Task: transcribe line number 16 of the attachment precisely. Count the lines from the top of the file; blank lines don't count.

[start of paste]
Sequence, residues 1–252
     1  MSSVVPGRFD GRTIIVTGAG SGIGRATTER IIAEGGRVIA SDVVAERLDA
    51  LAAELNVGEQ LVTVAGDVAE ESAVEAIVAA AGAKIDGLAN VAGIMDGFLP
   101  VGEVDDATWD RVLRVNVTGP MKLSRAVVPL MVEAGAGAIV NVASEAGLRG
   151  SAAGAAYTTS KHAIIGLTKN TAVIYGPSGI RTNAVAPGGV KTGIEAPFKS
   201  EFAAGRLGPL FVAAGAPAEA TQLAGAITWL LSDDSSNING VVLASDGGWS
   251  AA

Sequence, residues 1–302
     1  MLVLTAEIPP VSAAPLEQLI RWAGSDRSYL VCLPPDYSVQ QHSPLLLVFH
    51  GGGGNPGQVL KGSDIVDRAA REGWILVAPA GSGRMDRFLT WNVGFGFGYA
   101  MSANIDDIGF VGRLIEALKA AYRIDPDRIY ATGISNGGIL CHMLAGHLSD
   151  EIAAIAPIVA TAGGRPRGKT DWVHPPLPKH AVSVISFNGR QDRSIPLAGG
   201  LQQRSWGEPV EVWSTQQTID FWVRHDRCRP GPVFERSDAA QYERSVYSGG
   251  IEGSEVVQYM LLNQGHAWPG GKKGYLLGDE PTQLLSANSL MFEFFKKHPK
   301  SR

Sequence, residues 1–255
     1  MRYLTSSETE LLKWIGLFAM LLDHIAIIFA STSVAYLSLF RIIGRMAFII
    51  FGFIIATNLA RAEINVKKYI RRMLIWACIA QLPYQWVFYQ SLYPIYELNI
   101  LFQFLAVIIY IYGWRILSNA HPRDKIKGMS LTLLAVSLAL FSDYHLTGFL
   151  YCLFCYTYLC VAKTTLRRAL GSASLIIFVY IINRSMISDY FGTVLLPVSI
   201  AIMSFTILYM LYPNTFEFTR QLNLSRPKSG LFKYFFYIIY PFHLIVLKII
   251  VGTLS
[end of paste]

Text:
Sequence, residues 1–255